Embracing the Heat

At the first sign of oppressive heat, say when sweat sticks my thighs to the hot leather seat of my car, when I must stop wearing silk, when I look for parking spots in the shade even if it means walking farther to the store...

when I time my errands to avoid going anywhere between the hours of noon and 8 pm, when I run at zero dark thirty to avoid being scorched and suffocated, when my dogs pant all day long, when going to the movies always sounds like a good idea, when my grass withers and browns, and when going outside feels like walking into an open oven, that is precisely when I make my summer exodus.

From early June through August, I get the heck out of dodge until I have to return so Luke has parental supervision between football practices. I do realize how lucky I am because all I need for work is a laptop and my brain. In California, I have a little oasis where I escape the heat and all semblance of a routine. I don’t see people I know at the grocery store (and I dress like it). I don’t wear a watch because I don’t care what time it is. I also don’t particularly care when, where or what we eat for dinner. I sleep as late as I want, stay up as late as I want, and run until I’m tired. It’s a free-for-all and it’s heavenly to me. I like myself better when I’m not overheated and over-structured. It fills my emotional cup. Shoot, it fills my emotional pitcher (with margaritas) and equips me to pour myself out for the rest of the year.

This summer, however, is going to look a little different. My son Luke tried, in the kindest, most graceful way possible, to draw a line in my Santa Barbara sand. He sweetly acknowledged that while most of the free world would probably love to jet between seeing mom in California and dad in Colorado, he was over it. He wants to be a teenager, stay home, sleep in, be bored, play Xbox, see his friends, lift weights with his teammates, eat Tex-Mex, and go out on the lake. He wants to sit in the pool all afternoon with his buddies and talk about things I don’t want to hear.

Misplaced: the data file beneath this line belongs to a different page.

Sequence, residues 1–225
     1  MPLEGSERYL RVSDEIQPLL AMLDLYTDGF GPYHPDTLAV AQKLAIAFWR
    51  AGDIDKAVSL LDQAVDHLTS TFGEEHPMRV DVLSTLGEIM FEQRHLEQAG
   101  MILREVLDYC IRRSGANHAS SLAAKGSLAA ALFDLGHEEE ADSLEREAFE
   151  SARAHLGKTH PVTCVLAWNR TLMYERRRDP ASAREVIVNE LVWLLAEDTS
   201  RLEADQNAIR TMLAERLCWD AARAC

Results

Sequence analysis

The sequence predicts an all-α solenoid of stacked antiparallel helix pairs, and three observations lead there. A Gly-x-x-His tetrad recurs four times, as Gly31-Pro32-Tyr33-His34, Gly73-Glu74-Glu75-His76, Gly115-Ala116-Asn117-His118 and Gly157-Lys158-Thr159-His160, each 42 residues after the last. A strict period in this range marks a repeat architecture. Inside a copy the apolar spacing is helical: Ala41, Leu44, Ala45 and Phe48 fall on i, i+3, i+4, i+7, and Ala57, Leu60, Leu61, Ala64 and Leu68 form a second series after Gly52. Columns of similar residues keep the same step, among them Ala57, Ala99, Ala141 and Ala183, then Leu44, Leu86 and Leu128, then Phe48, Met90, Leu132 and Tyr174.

I get it.

I remember when my parents wanted to take us to Europe after my junior year of high school. I had never been, but I refused that trip faster than you could say non merci. Forget Paris, what about my boyfriend and my friends and that party at so-and-so’s house when their parents leave town? I wanted to be home where I belonged. Today, I could pretend to be too old to remember how that felt, but I’m not. I do remember. And I love that kid more than I love my comfort.

And so, instead of my exodus, I accept the genesis of a new kind of summer.

Home base will be here, in the heat and in my ‘hood. I will escape, but for short weekends rather than whole months. I will host housefuls of sweaty, hungry boys. I will faithfully restock the refrigerator and pantry. I will dry countless loads of wet pool towels. I will kick out cute, bikini-clad girls by 11 pm. I will endure what will surely feel like an endless kid-weekend. I will be cheerful and grateful (and sweaty). I will find ways to amuse myself and keep my cool (with margaritas, and Luke can drive). With only a few summers left until my empty nest turns into a raft, I will go with the flow and enjoy the sunshine — the good company of my people.


Illustration by Joy Gallagher

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